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Hamlet Lesson Plans | Hamlet Analysis | Tragedy of Hamlet


One of the most quoted lines of Shakespeare comes from Hamlet: "To be or not to be, that is the question!" Inspire and engage your students with captivating storyboards as you teach The Tragedy of Hamlet, Prince of Denmark, a dark tale of a prince consumed by revenge. Bring the vivid imagery to life with these activities that incorporate all four strands of the ELA Common Core State Standards.

Student Activities for Hamlet Include:




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Brief Hamlet Summary

The Tragedy of Hamlet by William Shakespeare takes place in Elsinore Castle, the home of Denmark’s royal family. A ghost resembling the recently dead King Hamlet, has been spotted walking throughout the Castle. Prince Hamlet, the late King’s son, comes to speak to the ghost. The King tells his son that he was murdered by Claudius, the King’s brother, who inherited the throne and married the queen, Gertrude. Before disappearing, the ghost orders his son to seek revenge.

Prince Hamlet, a devoted son, agrees to avenge his father’s death but is overwhelmed by the weight of the task. Hamlet has been moody and depressed since his father’s death, and now becomes manic. Claudius and Gertrude had asked two of Hamlet’s good friends, Rosencrantz and Guildenstern, to spy on him, but even they are unable to discover the cause of Hamlet’s strange behavior.

Before long, Hamlet devises a plan to test his uncle. A group of actors have come to perform at the castle, and Hamlet instructs them to perform a scene resembling his father’s death. Horatio, one of Hamlet’s oldest friends, and the only other person who knows of the murder, agrees to watch Claudius’ reaction.

During the sequence, Claudius runs to pray. Horatio and Hamlet believe this suffices to prove his guilt. Hamlet goes after Claudius with the intent to kill him, but hesitates, and refuses to kill Claudius while in prayer.

Hamlet then confronts his mother about his father’s death and her new husband. While in her room, he hears something behind the curtain. Thinking it is Claudius, he draws his sword, stabs through the curtain. The person behind the curtain was Claudius’s chief counselor, Polonius.

Hamlet is banished to England with for accidentally killing Polonius. The King sends Rosencrantz and Guildenstern, along with signed orders for the King of England to kill the prince. Knowing their treachery, Hamlet switches out the letter with orders to kill Rosencrantz and Guildenstern instead. The two men are executed, and Hamlet returns to Denmark.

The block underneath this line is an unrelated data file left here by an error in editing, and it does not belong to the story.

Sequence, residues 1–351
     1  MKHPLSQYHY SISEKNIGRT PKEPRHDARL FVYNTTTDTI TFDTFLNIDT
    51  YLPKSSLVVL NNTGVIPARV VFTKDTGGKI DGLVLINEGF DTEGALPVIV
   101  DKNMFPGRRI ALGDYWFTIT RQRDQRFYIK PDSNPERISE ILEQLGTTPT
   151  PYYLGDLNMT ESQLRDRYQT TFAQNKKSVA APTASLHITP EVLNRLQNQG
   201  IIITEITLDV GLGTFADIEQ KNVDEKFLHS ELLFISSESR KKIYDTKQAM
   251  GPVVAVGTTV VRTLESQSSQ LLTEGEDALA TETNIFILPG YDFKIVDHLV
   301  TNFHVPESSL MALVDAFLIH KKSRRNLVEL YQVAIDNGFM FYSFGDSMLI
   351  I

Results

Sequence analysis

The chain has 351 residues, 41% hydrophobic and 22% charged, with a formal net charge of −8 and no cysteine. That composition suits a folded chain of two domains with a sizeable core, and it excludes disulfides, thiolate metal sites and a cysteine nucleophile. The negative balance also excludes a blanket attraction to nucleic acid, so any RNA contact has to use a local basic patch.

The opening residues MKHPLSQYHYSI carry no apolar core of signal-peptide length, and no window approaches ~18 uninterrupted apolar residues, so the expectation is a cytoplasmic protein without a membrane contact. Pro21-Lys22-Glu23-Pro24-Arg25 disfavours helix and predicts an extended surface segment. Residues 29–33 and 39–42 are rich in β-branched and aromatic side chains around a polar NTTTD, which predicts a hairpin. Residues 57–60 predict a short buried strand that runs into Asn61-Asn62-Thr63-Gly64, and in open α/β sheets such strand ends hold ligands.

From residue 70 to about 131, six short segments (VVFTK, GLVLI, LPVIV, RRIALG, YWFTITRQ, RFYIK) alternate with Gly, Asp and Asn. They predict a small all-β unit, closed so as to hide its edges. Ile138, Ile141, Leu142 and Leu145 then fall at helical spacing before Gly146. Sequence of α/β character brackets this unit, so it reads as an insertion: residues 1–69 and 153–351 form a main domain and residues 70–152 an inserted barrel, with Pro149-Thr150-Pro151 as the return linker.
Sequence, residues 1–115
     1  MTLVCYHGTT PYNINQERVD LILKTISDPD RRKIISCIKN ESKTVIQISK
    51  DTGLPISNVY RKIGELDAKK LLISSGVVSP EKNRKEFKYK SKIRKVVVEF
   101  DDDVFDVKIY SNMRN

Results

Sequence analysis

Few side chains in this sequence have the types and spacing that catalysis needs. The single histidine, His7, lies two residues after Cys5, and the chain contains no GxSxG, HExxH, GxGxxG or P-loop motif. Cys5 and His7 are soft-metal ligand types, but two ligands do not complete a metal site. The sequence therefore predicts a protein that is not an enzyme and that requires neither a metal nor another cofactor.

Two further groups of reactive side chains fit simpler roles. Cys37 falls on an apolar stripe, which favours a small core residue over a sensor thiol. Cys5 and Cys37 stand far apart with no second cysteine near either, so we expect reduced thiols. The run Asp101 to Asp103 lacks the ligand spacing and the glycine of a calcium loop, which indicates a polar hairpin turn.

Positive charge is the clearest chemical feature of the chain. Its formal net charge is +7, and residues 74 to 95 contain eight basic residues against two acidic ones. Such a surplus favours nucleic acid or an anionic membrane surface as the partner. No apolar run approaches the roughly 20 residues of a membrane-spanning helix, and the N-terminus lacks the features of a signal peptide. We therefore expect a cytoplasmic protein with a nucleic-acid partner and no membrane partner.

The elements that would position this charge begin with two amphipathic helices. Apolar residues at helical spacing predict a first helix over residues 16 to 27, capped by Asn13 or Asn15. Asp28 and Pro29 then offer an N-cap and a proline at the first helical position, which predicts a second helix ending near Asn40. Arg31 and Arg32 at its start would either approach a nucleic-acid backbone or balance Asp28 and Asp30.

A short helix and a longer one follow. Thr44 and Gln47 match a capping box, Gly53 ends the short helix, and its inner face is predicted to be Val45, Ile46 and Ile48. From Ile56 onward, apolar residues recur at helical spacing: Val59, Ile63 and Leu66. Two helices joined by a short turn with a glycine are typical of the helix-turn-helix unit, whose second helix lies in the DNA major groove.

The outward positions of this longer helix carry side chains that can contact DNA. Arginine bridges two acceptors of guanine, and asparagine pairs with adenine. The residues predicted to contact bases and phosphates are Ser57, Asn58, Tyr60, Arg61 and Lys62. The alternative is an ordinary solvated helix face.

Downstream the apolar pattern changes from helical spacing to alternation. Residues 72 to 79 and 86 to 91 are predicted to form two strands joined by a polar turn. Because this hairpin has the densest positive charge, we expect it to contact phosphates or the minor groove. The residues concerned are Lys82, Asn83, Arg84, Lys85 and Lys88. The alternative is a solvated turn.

Back in Denmark, Polonius’s his daughter, Ophelia, who had been courting Hamlet, drowns herself in a river. Polonius’s son, Laertes, vows to avenge his father’s death, and blames Hamlet for Ophelia’s death as well. Claudius and Laertes devise a plan to kill Hamlet during a fencing match.

In the match, Hamlet scores the first point. Claudius offers him a drink from a poisoned goblet but Hamlet declines. Instead, his mother takes a drink and it kills her. Hamlet is struck by Laertes with a poisoned sword, and in a scuffle over blades, the two switch swords, and Laertes is shortly after wounded with the poison blade as well. Before he dies, Laertes confesses to Hamlet that Claudius poisoned the goblet. Hamlet stabs Claudius, and forces him to drink the rest of the poison from the goblet. Horatio attempts to drink from the poison goblet, but Hamlet orders him to stay alive to tell the tale. Fortinbras, King of Norway, arrives to find the entire royal family dead, Horatio tells him the story of what has happened, and Fortinbras takes the crown for himself.


Essential Questions For The Tragedy of Hamlet

  1. What decisions will I make today that will affect my life in the future?
  2. How would knowing what will happen after death affect the way I live?
  3. When is it appropriate to act on impulses, and when should care and consideration be taken?

Other Hamlet Activity Ideas

  1. Create storyboards that show a contrast between times Hamlet acted quickly and when he was methodical. Show how the outcomes were different.
  2. Depict an event from the play that, if it happened differently, would have changed the entire play.
  3. Create a parody or satire of the play as if it took place now with social networking! Storyboard That has the icons you need to adapt Hamlet to your favorite website!
  4. Depict the important parts of the famous Hamlet soliloquy, “To be, or not to be...”, in six cells.
  5. Add a presentation to any storyboard project to showcase your abilities! (And hit CCSS Speaking and Listening Standards!)

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